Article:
I hope we didn't confuse you with really technical jargon :thumb:

caotropheus
02-16-09, 07:45 AM
I hope we didn't confuse you with really technical jargon :thumb:

Just a bit of engineering. Since we are talking about engineering an since you started making your calculations in the metric system, I do not see the point on converting it to the imperial system. After all, the Americans in recognition for the help by the French in their struggle for independence, should at least adopt the metric system!

Oops, it seems that I have hijacked the thread again:innocent:

makeinu
02-16-09, 08:28 AM
Usually I am a practical fellow not entering philosophical questions, but don't you guys think that is about time to start using gain ratios instead of gear inches. A bicycle moves forward thanks to a set of levers and the crank is the most important lever. A few millimeters change in the crank length changes the final amount of effort a ride makes for the same gear inches. Gain ratio takes into consideration effort and gear development no.

The problem I see with using gain ratios is that, unlike cog/wheel ratios, crank length also has biomechanical ramifications due to differences in bone size:
http://www.analyticcycling.com/PedalNomenclatureFig1.gif

So although gear inches don't tell the whole story, at least they can be compared among different individuals without taking body measurements.

Speedo
02-16-09, 08:58 AM
Where does the 18.68" constant comes from? Is it part of the specification of the rim and/or tire? 406mm is about 16" so is the extra 2.68" the contribution of the tire to the diameter?

(in my case, I plan to use Schwalbe Marathon Plus 20 x 1.35" (406)).

Thanks,

Kam

Jur has it right, you take the 406 mm diameter of the rim and add twice the diameter of the tire to get the overall diameter. I generally just use the spec diameter of the tire. That's worked pretty well for me. Schwalb has a page on tire dimensions (http://www.schwalbetires.com/tech_info/tire_dimensions). At the top of their table they have some 406 mm tire examples. Take the 40-406 as an example. I would calculate the diameter as 2*40+406=486 mm. The tire circumference is given in the table as ~1530 mm. That tire circumference corresponds to a diameter of 487 mm. So, for the kind of accuracy that I require (not much) just using the specified tire diameter works pretty well.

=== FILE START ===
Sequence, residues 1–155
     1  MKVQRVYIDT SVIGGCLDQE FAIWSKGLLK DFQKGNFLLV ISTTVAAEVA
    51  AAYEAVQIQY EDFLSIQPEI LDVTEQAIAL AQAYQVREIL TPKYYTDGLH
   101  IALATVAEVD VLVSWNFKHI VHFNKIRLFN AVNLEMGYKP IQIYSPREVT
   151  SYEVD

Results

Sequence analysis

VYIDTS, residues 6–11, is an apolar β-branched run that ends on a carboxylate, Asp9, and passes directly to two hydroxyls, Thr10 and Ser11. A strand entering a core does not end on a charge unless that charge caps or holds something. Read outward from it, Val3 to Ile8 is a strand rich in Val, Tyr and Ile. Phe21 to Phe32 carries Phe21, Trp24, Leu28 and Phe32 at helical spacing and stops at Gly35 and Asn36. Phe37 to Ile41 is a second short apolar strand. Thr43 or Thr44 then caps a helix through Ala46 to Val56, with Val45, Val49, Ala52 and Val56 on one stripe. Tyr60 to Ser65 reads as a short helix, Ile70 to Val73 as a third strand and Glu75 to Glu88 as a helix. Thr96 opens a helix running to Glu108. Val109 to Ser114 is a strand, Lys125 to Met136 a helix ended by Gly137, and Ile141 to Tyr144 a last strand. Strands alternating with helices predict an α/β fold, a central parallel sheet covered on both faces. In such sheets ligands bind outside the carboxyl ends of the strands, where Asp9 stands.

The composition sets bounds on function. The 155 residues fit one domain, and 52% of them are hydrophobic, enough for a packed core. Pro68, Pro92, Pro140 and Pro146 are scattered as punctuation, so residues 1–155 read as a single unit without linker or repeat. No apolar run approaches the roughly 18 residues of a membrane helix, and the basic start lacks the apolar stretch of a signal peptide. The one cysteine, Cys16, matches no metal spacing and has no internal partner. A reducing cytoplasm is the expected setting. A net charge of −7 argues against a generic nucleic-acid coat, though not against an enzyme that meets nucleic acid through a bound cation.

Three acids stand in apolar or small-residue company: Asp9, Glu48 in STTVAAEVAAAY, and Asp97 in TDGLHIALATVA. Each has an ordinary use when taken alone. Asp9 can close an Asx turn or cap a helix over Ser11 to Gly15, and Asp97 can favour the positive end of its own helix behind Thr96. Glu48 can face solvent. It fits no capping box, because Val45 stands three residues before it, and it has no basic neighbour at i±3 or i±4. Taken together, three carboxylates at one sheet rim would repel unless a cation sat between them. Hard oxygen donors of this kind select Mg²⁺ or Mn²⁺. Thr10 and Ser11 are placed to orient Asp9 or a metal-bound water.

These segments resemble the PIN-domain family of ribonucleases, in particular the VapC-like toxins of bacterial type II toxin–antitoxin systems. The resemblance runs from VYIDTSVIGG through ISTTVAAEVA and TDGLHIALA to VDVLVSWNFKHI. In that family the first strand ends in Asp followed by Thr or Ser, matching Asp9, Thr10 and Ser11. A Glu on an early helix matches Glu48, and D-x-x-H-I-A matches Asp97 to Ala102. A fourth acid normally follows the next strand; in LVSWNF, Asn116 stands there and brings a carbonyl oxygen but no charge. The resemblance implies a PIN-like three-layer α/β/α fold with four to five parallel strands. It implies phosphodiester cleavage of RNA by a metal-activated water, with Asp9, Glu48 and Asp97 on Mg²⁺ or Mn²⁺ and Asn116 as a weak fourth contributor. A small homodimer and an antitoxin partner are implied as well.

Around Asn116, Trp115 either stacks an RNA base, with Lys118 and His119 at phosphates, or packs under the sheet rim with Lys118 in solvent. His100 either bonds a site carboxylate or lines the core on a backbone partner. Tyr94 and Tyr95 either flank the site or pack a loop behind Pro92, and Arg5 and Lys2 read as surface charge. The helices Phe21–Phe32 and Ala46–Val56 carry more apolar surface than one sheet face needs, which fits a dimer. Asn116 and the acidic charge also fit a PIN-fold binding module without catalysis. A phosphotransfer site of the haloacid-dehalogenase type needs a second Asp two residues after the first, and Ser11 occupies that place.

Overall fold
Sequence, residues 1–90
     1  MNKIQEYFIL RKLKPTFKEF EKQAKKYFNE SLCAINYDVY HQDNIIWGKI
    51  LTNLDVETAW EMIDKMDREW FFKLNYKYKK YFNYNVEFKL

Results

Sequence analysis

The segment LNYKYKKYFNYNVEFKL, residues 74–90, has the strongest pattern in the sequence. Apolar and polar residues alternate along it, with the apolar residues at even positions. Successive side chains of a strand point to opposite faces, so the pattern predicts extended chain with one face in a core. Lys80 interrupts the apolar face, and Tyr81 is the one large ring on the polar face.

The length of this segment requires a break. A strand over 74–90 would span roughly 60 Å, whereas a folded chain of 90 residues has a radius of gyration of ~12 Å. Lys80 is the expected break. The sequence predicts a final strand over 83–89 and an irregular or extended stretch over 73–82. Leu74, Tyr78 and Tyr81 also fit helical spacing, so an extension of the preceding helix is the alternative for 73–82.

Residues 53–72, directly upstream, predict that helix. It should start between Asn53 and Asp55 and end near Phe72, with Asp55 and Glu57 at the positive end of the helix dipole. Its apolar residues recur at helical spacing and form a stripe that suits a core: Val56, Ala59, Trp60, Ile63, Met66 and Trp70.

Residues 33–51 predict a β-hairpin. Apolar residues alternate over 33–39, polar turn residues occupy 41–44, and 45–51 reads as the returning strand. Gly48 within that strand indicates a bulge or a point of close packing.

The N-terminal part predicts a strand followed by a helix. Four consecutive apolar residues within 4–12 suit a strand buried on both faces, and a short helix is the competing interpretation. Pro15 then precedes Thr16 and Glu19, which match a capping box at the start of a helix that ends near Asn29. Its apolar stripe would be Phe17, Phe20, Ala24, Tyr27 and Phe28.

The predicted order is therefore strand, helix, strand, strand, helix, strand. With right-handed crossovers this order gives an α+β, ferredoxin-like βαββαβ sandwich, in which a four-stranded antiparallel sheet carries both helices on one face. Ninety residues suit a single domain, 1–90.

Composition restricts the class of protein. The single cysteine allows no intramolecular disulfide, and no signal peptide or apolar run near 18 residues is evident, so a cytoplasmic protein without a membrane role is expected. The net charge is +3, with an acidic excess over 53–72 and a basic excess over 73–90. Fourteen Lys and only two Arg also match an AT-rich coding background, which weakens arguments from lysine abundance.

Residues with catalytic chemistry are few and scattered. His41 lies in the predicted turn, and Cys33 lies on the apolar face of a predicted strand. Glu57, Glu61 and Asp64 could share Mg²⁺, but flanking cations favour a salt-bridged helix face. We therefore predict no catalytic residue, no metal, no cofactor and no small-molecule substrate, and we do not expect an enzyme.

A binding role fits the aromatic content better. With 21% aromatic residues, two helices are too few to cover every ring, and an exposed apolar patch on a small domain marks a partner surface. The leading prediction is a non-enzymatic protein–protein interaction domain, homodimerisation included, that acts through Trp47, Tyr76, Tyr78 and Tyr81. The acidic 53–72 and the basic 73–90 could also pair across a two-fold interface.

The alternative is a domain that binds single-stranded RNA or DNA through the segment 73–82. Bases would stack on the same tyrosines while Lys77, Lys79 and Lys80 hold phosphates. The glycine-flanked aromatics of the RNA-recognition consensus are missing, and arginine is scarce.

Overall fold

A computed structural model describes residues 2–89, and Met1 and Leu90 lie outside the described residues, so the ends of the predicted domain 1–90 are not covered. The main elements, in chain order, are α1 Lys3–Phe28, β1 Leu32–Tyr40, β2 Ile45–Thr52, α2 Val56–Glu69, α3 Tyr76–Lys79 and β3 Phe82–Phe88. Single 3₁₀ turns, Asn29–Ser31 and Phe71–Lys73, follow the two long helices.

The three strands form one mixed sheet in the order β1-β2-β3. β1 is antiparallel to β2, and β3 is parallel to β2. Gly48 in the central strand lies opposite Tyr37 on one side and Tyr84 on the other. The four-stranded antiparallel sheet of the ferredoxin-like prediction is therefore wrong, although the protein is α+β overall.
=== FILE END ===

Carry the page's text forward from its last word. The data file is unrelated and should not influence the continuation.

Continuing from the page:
To get back to inches divide by 25.4 in/mm

Speedo

Speedo
02-16-09, 09:03 AM
Seeing as I can't feel a 2.5 mm difference in crank length, I'm not too interested in gain ratio;

+1

I go back and forth between bikes with 170 mm and 175 mm crank arms. The bikes are different, so I notice a difference between bikes, but I really can't feel anything different in the crank motion.

In short, spinning is a lot easier for shorter cranks, but climbing is easier for longer cranks.

Part of every ride I'm spinning and part of every ride I'm climbing! :lol: What's a guy to do?

Speedo

biffstephens
02-16-09, 09:05 AM
I get 94.5 in?

Speedo
02-16-09, 09:11 AM
After all, the Americans in recognition for the help by the French in their struggle for independence, should at least adopt the metric system!